The heads of many CEOs are spinning – the lingering effect of ‘all the crazy’ that has reared its head since the pandemic hit. It’s been a tough time: one that has forced leaders to react quickly like never before – to adapt at every turn, to navigate economic uncertainty, and to adopt new leadership strategies to ensure their organisations – and their people – have thrived amid tumultuous change.
But how are they faring now? Egon Zehnder’s recently released study, ‘It starts with the CEO’, offers some fascinating insights. It draws upon the sentiments of almost 1000 CEOs from around the world and tells us a lot about the changing role and mindset of leaders in this generation-defining moment.
For starters, in the face of complex and rapid change, CEOs are slowing down and considering how to do things differently. Many of the surveyed leaders found the upheaval of the pandemic to be a catalyst for positive change, which has inspired them to focus more on their own learning. CEOs across-the-board agree that they need to transform themselves as well as their business, with almost 80 per cent strongly agreeing on the importance of the ‘dual journey’ of personal and organisational change. This is a huge jump from the 26 per cent who strongly agreed with this idea only a few years ago. CEOs are increasingly looking inwards, uncovering their ‘blind spots’ so they can lead their teams more effectively. (Incredibly, 45 per cent of respondents cited ‘not listening’ as their main blind spot and 500 CEOs admitted to having a ‘relational deficit’!)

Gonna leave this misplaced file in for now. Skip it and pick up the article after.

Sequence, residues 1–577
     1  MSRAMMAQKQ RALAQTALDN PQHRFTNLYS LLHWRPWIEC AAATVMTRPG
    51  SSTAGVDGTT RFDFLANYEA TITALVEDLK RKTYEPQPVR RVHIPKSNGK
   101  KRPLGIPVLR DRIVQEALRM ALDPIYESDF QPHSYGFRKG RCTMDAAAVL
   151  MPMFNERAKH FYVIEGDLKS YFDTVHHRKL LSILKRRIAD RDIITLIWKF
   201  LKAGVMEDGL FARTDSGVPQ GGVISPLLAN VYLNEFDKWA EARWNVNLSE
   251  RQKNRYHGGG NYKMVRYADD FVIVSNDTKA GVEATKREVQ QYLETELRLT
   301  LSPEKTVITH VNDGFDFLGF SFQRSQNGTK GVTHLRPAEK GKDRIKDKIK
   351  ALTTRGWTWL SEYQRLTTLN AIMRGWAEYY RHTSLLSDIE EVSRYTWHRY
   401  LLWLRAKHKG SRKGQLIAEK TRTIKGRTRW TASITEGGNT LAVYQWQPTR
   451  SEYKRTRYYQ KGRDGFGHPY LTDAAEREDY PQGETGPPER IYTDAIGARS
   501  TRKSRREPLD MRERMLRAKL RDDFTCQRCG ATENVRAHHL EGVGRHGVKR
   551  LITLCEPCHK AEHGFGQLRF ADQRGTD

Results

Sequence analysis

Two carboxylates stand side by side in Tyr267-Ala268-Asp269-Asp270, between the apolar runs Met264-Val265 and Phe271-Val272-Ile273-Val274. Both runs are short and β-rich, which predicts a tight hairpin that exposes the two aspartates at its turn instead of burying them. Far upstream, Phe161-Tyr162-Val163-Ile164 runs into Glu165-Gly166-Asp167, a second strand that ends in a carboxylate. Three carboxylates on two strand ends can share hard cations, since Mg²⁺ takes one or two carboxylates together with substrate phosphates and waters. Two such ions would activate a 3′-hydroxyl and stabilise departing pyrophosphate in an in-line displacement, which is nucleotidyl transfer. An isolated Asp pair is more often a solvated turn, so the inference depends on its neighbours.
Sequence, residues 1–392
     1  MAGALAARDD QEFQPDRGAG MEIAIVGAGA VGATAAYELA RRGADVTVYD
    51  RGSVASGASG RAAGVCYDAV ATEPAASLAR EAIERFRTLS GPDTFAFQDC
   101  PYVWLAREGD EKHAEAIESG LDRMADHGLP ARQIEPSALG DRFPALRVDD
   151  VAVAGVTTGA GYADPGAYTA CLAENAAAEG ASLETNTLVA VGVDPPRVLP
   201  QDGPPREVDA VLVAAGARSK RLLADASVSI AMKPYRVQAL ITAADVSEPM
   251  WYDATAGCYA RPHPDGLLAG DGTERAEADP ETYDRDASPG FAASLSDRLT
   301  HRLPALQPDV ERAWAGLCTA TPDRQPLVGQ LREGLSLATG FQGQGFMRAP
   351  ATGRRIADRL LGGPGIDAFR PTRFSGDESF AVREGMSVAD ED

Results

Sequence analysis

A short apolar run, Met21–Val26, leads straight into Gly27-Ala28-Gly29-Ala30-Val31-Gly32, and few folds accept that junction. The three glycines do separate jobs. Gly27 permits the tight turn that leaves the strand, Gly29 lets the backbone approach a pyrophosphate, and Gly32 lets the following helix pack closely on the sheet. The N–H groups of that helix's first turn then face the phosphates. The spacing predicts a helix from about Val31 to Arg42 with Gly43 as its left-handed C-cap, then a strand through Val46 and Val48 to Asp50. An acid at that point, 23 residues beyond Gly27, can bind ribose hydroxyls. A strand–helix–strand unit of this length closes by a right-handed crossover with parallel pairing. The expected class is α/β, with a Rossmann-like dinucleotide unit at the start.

The Zehnder study also explores the awkward situation many CEOs find themselves in where they’re caught between the demand of boards and stakeholders wanting to drive profits, and public expectation that they should be making a social and environmental contribution to the world.
A key conundrum for leaders now lies in knowing how to define their organisation’s purpose: are they all about money, or do they serve the greater good as well? Balancing these conflicting expectations and getting everyone in agreement is an ongoing battle. According to the study, just 44 per cent of CEOs are fully aligned with their teams, and even fewer said the same about their boards. Yet even as CEOs increasingly recognise the importance of creating ‘prosperity for the many’, financial performance is still the top metric that guides their decisions.
So, what has the pandemic taught your CEOs? They know that they need to be more adaptive, relational and self-aware, so they’re better equipped to embrace opportunities and tackle new challenges going forward. They know they need to listen more. They know they need to self-reflect and seek feedback from all kinds of different sources. They know that to steer an adaptive organisation, they must commit themselves to a journey of ongoing learning and personal growth. More than ever, they know that far-reaching change begins with them.
– The Coach Place Global
Image by @bchild311
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